Police in heavy riot gear rained blows on protesters in the northern district of Mongkok, with some carried off on stretchers and others treated for head wounds, fractures and bruising, according to AFP journalists and medics at the scene.
Accusations that the semi-autonomous Chinese territory’s police are being used as a political tool have dogged the highly respected force, which has a reputation across Asia for honest and impartial policing.
Police said in a Sunday statement they had used “minimum force” as protesters approached their cordon lines.
Hong Kong’s government had confirmed Saturday it will open talks with student demonstrators on Tuesday, speaking before the fourth night of violent clashes in areas of the city paralysed by mass pro-democracy rallies.
“Right now we are planning that it will take place on the afternoon of Tuesday, October 21,” Leung’s deputy Carrie Lam told reporters on Saturday.
Lam said the talks — which will be broadcast live — would be focused on constitutional reform, with both sides allowed to bring five members to the meeting.
But hopes of any breakthrough are slim, with the government unlikely to cede to protesters’ core demands — the resignation of embattled Chief Executive Leung Chun-Ying and free leadership elections for the semi-autonomous Chinese city in 2017.
Beijing insists that candidates for the vote must be vetted by a committee expected to be loyal to China, and Leung has warned that the country’s communist authorities have no intention of backing down.
Uptick in violence:
Sunday’s violence was indicative of a wider trend of increased force being deployed in the last few days as officers attempt to clear roads blockaded at three sites after two weeks of relative calm.
One volunteer medic said that she had seen four people with head injuries with “serious bleeding” as well as a fractured back. Another protester had collapsed unconscious with exhaustion, she said.
“One of the men with a head injury had been hit by a police baton three times,” said Carla Chau, 20, a medical student volunteering at the first aid station set up at the Mongkok site.
Some injured protesters were taken to nearby Kwung Wah hospital, where activists told AFP at least 10 or more were being treated for injuries to their legs, arms and heads, including suspected fractures.
One protester said that police had reacted when a front line of demonstrators blocking a key road opened their umbrellas and rested them on the barricades.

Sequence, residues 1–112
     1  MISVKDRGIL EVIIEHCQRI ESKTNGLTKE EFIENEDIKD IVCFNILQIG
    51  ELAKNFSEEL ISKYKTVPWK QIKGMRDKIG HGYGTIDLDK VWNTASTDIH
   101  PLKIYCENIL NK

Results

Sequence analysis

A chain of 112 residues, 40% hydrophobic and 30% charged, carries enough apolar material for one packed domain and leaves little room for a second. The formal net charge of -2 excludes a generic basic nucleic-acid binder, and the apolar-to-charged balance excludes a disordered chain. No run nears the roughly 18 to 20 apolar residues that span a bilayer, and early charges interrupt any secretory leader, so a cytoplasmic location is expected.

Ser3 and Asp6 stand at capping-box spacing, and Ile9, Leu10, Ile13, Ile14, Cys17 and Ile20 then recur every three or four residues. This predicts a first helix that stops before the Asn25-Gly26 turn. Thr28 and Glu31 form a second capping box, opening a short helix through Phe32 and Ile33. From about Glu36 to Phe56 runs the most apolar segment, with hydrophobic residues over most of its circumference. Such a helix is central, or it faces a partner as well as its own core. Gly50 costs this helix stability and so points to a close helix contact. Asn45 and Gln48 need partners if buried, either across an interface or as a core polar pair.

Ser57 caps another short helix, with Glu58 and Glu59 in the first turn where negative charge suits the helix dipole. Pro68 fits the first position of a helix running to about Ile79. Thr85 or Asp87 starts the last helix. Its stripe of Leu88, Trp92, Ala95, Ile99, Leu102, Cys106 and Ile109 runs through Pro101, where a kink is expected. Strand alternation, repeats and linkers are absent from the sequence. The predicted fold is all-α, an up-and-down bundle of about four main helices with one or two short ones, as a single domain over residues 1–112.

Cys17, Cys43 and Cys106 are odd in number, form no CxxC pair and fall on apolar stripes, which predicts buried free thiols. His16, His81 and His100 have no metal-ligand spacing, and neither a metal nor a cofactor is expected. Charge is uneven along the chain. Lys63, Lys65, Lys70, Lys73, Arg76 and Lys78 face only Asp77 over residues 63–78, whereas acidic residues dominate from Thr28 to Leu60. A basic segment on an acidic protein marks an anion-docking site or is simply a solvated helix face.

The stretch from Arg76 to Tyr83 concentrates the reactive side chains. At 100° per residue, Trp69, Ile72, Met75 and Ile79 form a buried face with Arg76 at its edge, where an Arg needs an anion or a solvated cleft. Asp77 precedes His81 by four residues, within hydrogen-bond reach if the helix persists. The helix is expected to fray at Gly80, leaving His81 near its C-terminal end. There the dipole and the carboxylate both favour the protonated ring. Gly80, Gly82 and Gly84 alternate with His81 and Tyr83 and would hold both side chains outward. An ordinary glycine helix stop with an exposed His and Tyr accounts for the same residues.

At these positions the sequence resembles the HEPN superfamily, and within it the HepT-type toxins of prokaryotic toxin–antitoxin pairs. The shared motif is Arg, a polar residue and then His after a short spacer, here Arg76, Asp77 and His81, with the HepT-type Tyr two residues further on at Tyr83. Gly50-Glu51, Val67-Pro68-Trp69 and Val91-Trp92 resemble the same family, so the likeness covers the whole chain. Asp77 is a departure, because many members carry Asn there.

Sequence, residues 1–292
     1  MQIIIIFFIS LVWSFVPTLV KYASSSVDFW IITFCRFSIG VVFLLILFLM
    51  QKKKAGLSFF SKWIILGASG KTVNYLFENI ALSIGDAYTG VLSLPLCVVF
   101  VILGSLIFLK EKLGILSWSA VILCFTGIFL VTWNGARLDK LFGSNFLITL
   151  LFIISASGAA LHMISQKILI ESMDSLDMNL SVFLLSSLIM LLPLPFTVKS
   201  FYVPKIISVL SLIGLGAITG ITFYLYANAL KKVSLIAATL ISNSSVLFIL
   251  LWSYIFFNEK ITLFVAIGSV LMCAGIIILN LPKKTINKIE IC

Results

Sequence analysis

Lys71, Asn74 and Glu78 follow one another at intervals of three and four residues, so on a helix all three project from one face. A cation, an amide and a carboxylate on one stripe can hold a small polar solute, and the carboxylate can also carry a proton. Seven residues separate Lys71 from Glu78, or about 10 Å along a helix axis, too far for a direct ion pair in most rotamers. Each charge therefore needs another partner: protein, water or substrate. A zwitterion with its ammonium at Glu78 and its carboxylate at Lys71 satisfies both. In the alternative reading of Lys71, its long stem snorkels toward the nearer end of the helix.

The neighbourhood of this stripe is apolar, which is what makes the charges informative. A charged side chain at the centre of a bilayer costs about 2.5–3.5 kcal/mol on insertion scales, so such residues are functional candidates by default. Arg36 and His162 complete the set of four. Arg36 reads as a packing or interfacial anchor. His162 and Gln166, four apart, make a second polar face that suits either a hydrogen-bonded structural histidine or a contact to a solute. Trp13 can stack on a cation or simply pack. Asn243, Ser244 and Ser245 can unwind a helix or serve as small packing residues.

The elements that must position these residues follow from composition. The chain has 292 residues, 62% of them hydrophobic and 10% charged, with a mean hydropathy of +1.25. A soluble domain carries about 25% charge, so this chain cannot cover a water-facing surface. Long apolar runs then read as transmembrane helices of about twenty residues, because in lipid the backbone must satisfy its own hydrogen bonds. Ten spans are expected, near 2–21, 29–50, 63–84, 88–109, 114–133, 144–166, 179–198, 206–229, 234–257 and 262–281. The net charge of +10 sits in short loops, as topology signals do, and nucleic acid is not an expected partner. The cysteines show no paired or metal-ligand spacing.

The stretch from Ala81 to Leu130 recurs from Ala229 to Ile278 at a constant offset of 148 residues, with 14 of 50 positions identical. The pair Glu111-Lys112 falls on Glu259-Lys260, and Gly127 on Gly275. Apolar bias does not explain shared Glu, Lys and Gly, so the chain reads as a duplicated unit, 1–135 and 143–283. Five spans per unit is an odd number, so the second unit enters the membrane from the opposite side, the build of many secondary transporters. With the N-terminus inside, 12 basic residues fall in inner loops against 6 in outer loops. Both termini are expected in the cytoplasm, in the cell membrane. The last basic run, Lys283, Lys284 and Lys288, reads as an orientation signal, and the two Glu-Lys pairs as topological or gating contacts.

“They hit us without any reason when we were standing behind the roadblock. I was hit by a police stick four or five times. I protected myself with my hands and they hit my body… there was blood all over my head and they took me for medical treatment,” said Jackie, 30, sitting with his head bandaged and blood still on his t-shirt.
“We didn’t do anything — some people behind me opened out their umbrellas and then the police started hitting people. There was no aggressive action on our side.”
Police said in a statement Sunday they had taken “resolute action by applying minimum force to disperse them to prevent the situation from deteriorating”.
They said protesters had attempted to charge police cordon lines by pulling aside barriers and shoving officers, but confirmed three protesters and an officer were injured.
Police have previously defended their actions as restrained in the face of increasingly hardcore protesters determined to reoccupy areas of the city the force has attempted to clear.
But video footage emerged showing plainclothes officers beating a handcuffed protester as he lay on the ground on Wednesday, just over a fortnight after riot officers fired teargas for the first time in years at crowds of largely peaceful demonstrators.
Over the weekend pepper spray was used on protesters who retook ground that police had cleared for traffic.
The demonstrators have held sit-ins at three key intersections since September 28, causing major disruption in an Asian financial hub usually known for its stability.
No common ground
Many residents have become increasingly frustrated over the disruption caused by the protests, with road blockages causing heavy traffic jams in the city of seven million, and local companies complaining of a downturn in business.
The crowds of protesters have shrunk dramatically from their peak of tens of thousands earlier in the month.
A former British colony, Hong Kong was handed back to Chinese rule in 1997 under a “one country, two systems” deal that guarantees freedoms not seen on the mainland, including freedom of speech and the right to protest.
But fears have been growing that these liberties are being eroded, while anger has also soared over perceived political interference from Beijing and increasing inequality in the freewheeling financial hub.
The mass rallies are one of the biggest challenges to Beijing’s authority since the Tiananmen pro-democracy protests of 1989. (AFP)